Our ship cruised along-side of this massive iceberg for a few hours so we could enjoy the beauty and take photos. It has thick with a flat top. At times we could see blue hues dancing off the side. There were lots of whales in the area, so more photos were taken of them also. Whales, whales and more whales. Once we returned home, we investigated and found videos of satellite tracking where this chuck has floated. It is fascinating. It is really hard to get your head around the size of this
A whale of a time.
Photo credit: Ship's passenger
ice berg. 660 feet thick. Danger Islands
63 degrees 22’S/ 054 degrees 35’W
We have a friend in Australia whose moniker on Travel Blog is Dancing Dave. When we vacationed with David and his lovely wife Denise on the Legendary Blues Cruise there was a small group of Dave’s hanging out together, so they all got nick names. Dancing Dave, Dapper Dave, Diesel Dave and my Dave became Dangerous Dave. So, you can imagine the excitement we experienced when we learned we were going to The Danger Islands. Dangerous Dave does the Danger Islands! Very cool. A match made in heaven?
There are seven islands in this group, and we landed on Heronia Island. Normally this island is full of Adelie penguins, this being late in the breeding season most were gone to sea when we arrived but the island has hills and great views so many hiked to the top for the scenery. There were enough Weddell seals and penguins to entertain those of us who didn’t want to go to the top. There were good vantage points for scenery half-way up where we had a nice view of tabular icebergs. We’ve mentioned in past blogs
how bad penguin poo smells. Well this island was particularly pungent, and the ground was covered in the penguin guano. Such is paying the price to be such intrepid explorers! Excitement
We landed first today and that meant our last hours would be on the zodiac in search of sea life from an ocean view. Almost immediately our guide Jen saw humpback whales halfway between our current location and the ship….. and off we went. Yes, we followed all the rules and kept our distance as we zigged and zagged in an effort to keep up. These whales were traveling with purpose. They were not just hanging around. Splash, splash, splash we ducked as the waves hit the zodiac…. Jen apologized and asked if we wanted to continue. We hate to admit that the first few minutes we Binkley’s were looking at each other with eye contact our secret language and communicating that this was a wasted effort. Boy, were we wrong!! We caught up and at the same time the whales slowed a bit and were close. We could see them spouting, surfacing and putting on a show. Fortunately, the whales didn’t know the rules about how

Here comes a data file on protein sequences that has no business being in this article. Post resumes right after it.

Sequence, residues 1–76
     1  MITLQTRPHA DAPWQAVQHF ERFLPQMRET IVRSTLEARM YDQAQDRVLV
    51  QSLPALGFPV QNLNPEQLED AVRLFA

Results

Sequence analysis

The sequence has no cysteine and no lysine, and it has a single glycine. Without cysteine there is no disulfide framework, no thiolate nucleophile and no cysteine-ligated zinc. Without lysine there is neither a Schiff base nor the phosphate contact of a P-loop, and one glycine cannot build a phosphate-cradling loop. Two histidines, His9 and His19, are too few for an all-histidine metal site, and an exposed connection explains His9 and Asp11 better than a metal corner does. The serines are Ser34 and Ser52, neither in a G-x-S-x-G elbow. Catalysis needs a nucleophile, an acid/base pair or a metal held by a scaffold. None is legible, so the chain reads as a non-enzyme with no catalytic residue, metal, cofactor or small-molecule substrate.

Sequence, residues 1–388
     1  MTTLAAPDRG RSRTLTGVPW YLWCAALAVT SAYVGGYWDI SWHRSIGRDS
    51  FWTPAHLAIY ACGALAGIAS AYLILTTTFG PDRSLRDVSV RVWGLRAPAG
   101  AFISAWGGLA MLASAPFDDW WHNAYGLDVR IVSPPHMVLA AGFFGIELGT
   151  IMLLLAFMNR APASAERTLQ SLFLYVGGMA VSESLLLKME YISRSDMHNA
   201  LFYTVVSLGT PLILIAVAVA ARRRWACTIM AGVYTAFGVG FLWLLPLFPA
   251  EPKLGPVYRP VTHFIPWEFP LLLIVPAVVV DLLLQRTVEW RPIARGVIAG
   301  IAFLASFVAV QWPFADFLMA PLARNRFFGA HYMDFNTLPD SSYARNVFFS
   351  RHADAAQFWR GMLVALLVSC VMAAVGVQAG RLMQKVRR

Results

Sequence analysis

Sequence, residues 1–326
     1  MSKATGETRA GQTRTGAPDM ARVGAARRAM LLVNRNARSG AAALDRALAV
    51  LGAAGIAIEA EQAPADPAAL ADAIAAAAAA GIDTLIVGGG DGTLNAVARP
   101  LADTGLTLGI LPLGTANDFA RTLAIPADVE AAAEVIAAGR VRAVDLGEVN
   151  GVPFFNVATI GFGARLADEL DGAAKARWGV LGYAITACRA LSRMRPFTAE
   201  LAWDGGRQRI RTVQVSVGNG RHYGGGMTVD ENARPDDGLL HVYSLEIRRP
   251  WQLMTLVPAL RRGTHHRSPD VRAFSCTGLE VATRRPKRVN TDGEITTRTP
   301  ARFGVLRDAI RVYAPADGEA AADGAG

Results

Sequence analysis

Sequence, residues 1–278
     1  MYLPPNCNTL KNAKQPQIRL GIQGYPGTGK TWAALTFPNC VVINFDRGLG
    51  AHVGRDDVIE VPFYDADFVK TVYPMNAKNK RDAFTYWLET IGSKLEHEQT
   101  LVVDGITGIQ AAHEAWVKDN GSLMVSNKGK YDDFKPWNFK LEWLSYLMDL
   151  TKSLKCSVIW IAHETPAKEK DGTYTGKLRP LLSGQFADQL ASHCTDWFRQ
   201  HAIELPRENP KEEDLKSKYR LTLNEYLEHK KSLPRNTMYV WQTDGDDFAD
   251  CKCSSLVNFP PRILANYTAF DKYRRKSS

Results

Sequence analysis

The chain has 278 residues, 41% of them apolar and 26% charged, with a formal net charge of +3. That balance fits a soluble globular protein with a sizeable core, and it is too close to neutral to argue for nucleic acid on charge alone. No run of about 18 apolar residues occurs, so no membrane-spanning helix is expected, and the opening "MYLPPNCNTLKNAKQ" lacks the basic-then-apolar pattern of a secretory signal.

Love the colors
The big part is under the water.
close to get so once our engine was off they could come close. We were about thirty feet away. They were off again. Jen started the motor and we followed. By the end of our time tailing these two whales all of us were varying degrees of wet and getting cold. One poor soul was drenched head to toe and Jen shared her gloves with him because his were soaked. On some days depending on which way the wind is blowing there can be a “bad” seat in the zodiac. We stayed relatively dry....and were quite glad. The Bird Mistress
On our first day aboard the Ocean Endeavor we were in the lounge enjoying the welcome tea with our acquaintance from Travel Blog, Dave Allcorn and he introduced us to Jean Pennycook, the ship’s ornithologist, also affectionately referred to as The Bird Mistress. Jean was a delight! She has a wicked sense of humor and her knowledge about the birds we saw seemed to know no bounds. There is something quite special when you run into someone who is extremely knowledgeable about a subject and also can get you excited about it by how they convey their knowledge.
Happy Dave & MJ
Jean was most definitely that person. Every presentation was funny, stimulating and left us wanting more. Jean introduced us to the world of sea birds and penguins. Each day the list was updated of what saw on this trip, photos were shown and additional details of these soaring or huddling creatures was presented at the wrap up in the evening.
For all you birders who want to take this trip you are likely to see what we did and that includes 7 kinds of penguins, 5 albatrosesses, 14 petrels & shearwaters, 3 storm petrels, 3 kinds of diving petrels, 4 cormorants, the Black crowned night-heron, 7 kinds of swans, geese & ducks, 4 vultures & raptors, plovers, oystercatchers, the Snowy Sheathbill, 4 skuas, 6 gulls & terns, flycatchers, wrens, finches, sparrows and a few others. Goodness....how we've become bird nerds....and loving it!
The penguins, the storm petrels and the South Georgia pipit were some of our favorites. The pipit is only found in South Georgia...and the only songbird in the Antarctic. 6 Degrees of Separation
You’ve heard of the concept that all of us are connected in this world by 6 degrees of separation. On this
The size of Delaware.
trip we proved that may be true. We know Dave Allcorn because we write a blog on Travel Blog, Dave introduced us to Jean the Queen of Birds and as it turns out Jean has worked at McMurdo Base, Antarctica since 1999 on a penguin research project. Well, actually she works in one of the field camps but for the purposes of this story McMurdo is close enough. After Jean and Merry Jo were introduced many conversations about McMurdo ensued and they discovered they knew a couple of people in common. MJ needed to find out all the changes at McMurdo since she worked there in 1989. As you can imagine over the years, we’ve read many Antarctica blogs and have another travel blog acquaintance that lives an hour from us in Florida. Yes, another Dave…. Surfbird surfbird
of Travel blog fame… although he hasn’t published a blog in a long time --we intend to discuss that with him when we get together soon. Dave and Jean know each other… we have walked away from Antarctica knowing the Ice connects many people. Simply amazing........
Farewell for now…. Soon we cross the Antarctic Circle. PenguinScience You can read about
Our recent Antarctic Blogs: Antarctica with Quark Expeditions! Bountiful Birds, The Big Battle and a TravelBlog Reunion Antarctic Expedition Ships and Zodiac Etiquette In Search of King Penguins!.... and we found them!!